Printing on PVC may be surprisingly easy if you have the right type of sheets or cards and an inkjet printer. PVC, or polyvinyl chloride, is a common plastic used for anything from store signs and bumper stickers to labels, ID cards and transparencies.
Of course, PVC has lots of other uses too, but if you want to print on drainage pipes or tarps, you will need to contact a commercial printer or invest in some specialized printing equipment. On the other hand, you can print on PVC sheets and cards using any inkjet printer that you might find in most homes or offices.
Printing on PVC With an Inkjet Printer
Printable vinyl comes in an assortment of sizes. If the PVC comes in letter-sized sheets measuring 8 1/2 by 11 inches, then it will work in an inkjet printer. To emphasize how easy it is to print on it, it's sometimes called PVC paper.
Other sizes may have issues with the quality of the print, particularly if the sheets are glossy because the ink may not always completely absorb into the plastic, resulting in smudges even after the ink is dry. You can eliminate the issue of smudging if you laminate the sheets when the ink is dry or spray the sheet with a transparent fixative, which you can find in any art supply store.
If the PVC sheets come with a paper backing, then they should be inserted plastic side up so the ink is applied to the plastic and not the protective backing. Similarly, if the PVC has a glossy side and a matte-finish side, then print on the side with the matte finish unless directed otherwise by the manufacturer.
Why You Shouldn't Use Laser Printers for PVC
Avoid putting PVC in a laser printer. You'll notice that when you take a printed paper out of a laser printer immediately after it is finished, the paper is hot. That's because laser printers use a heated element to apply the ink toner powder to the paper. This can melt PVC and ruin your printer.
The same applies to photocopiers. Unless the manufacturer specifically guarantees that you can use PVC in a photocopier or laser printer, you shouldn't try it. It would be far less expensive to purchase an inkjet printer, which is available for under $100, than to ruin your current printer.
PVC ID Card Printing Paper
PVC is a common material for identification cards, gift cards and membership cards. You can use an inkjet printer for these cards provided they have been designed for printing purposes. Check with the card manufacturer before buying cards to find out if they're compatible with inkjet printers.
If you already have the cards and they aren't suitable for an inkjet printer, you can buy card printers that will also encode magnetic stripes. You can purchase magnetic-stripe writers that will print text on the card as well as encode the magnetic stripe at the same time.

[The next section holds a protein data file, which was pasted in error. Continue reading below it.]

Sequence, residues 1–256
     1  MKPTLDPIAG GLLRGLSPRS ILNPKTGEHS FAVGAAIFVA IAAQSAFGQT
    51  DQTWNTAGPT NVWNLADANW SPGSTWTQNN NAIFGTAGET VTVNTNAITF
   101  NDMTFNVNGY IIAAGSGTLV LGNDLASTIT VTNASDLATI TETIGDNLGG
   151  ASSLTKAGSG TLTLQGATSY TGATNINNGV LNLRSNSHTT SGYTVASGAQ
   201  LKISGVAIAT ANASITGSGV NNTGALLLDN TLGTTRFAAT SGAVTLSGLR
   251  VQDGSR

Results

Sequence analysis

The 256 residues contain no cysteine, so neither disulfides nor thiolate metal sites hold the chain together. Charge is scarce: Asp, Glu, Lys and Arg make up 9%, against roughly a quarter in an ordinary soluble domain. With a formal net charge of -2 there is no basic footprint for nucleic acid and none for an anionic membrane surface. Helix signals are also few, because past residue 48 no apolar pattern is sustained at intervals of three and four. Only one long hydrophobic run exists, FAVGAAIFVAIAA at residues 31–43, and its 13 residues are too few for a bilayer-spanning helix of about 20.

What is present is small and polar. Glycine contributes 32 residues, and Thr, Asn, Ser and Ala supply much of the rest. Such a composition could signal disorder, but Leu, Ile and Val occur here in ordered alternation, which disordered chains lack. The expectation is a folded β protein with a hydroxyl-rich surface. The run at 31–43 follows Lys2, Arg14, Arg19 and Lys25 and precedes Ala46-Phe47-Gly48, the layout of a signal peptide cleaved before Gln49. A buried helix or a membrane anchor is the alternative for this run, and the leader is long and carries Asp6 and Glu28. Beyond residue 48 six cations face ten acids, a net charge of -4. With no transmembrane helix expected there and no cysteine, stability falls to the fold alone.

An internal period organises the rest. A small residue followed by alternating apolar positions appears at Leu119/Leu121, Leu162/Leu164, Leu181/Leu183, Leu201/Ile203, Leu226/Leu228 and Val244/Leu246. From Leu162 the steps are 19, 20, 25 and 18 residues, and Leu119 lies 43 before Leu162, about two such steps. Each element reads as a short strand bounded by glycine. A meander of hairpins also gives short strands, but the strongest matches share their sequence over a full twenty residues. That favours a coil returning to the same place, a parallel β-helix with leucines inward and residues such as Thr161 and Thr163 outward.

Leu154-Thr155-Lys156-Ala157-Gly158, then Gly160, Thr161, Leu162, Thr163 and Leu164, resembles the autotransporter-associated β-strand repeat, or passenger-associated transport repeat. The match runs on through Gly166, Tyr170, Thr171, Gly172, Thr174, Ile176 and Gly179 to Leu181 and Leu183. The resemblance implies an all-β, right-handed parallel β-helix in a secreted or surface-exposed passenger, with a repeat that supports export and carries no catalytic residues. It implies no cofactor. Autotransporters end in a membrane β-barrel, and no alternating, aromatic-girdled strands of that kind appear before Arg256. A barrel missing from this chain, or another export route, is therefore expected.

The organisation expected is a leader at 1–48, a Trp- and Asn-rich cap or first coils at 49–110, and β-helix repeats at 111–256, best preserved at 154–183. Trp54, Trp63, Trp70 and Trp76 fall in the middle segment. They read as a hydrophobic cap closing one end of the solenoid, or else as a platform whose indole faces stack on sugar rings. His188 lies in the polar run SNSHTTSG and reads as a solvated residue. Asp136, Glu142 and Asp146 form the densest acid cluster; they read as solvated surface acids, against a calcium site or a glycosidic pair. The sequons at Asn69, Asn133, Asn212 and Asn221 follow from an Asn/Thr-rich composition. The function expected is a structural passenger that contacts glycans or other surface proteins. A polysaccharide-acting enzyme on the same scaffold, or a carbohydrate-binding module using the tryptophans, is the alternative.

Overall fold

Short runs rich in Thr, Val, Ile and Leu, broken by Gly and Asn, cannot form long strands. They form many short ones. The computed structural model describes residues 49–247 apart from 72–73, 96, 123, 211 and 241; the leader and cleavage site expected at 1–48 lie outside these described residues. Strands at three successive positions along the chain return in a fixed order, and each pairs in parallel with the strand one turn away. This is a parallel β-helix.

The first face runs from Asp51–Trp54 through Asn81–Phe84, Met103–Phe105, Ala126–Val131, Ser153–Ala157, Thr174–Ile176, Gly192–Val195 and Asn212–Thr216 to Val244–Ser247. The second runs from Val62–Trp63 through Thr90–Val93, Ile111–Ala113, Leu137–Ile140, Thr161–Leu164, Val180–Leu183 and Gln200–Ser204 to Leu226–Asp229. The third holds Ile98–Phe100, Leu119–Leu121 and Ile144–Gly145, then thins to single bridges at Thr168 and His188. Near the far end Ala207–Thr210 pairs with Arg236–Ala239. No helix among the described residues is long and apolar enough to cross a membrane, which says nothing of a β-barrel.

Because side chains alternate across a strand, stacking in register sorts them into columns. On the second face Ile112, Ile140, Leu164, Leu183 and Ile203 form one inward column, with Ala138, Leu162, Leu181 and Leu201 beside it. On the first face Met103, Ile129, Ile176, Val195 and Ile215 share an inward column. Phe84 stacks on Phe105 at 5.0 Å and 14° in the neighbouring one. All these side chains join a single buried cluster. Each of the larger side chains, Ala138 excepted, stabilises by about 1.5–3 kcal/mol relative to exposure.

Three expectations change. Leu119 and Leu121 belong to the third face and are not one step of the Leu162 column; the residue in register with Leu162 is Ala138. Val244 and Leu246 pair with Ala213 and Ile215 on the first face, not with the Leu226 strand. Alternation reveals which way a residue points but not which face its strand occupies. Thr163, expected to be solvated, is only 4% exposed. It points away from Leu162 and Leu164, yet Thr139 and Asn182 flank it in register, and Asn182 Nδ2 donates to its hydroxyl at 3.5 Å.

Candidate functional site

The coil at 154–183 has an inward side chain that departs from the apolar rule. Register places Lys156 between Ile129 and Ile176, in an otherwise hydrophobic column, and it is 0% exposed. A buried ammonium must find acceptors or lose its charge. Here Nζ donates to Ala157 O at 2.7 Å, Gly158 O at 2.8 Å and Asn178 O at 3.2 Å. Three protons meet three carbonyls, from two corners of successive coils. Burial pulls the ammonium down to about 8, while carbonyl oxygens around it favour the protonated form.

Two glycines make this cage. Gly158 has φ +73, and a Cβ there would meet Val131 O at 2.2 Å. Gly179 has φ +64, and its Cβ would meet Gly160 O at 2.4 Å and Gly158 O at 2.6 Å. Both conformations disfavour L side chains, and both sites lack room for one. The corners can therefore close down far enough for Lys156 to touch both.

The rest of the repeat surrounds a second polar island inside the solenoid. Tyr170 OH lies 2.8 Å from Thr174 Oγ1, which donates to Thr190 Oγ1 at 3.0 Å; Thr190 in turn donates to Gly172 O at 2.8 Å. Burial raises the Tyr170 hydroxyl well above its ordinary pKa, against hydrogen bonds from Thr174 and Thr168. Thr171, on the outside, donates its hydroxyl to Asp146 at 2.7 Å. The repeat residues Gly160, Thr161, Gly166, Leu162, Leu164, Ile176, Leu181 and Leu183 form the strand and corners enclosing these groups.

To feed these cards into an inkjet printer, you'll need a PVC-card tray that is compatible with your printer. Simply attach the tray to the printer as directed by the manufacturer's instructions.
Best Practices for PVC Printing
The ink that you currently use in your inkjet printer should work fine on PVC just as it does on paper. However, if you are using low-cost ink cartridges and you don't get the results you want, you should consider using ink cartridges that are recommended by the manufacturer.
For best results, there are three things you should keep in mind when printing on any plastic, including PVC:
- Always use the best print quality your inkjet printer offers when printing on PVC. This gives the ink a chance to soak into the vinyl. This is particularly important for images, otherwise lines could appear on your work.
- Allow at least 10 minutes before handling the PVC so that the ink has a chance to dry. Some ink may dry instantly.
- Wait at least 24 hours before exposing the printed PVC to water or placing it outside where it may be exposed to the elements.
- Do not hang or display finished prints in direct sunlight because the sun will cause colors to fade.
- Avoid touching the printed surface because the ink may smudge until it is thoroughly dry.
- Print a test sheet using your printer before attempting to print the final product. You can judge the color saturation and appearance before you commit to printing a picture.
- PVC sheets can be expensive, so make sure that your ink cartridges have sufficient ink to complete a print job.
- Do not bend or fold PVC sheets. Store them flat.
- Do not stack finished prints on top of each other. The surface can be damaged. If the print will not be framed immediately, place a protective sheet of paper between prints before storing them.
A published author, David Weedmark has advised businesses on technology, media and marketing for more than 20 years and used to teach computer science at Algonquin College. He is currently the owner of Mad Hat Labs, a web design and media consultancy business. David has written hundreds of articles for newspapers, magazines and websites including American Express, Samsung, Re/Max and the New York Times' About.com.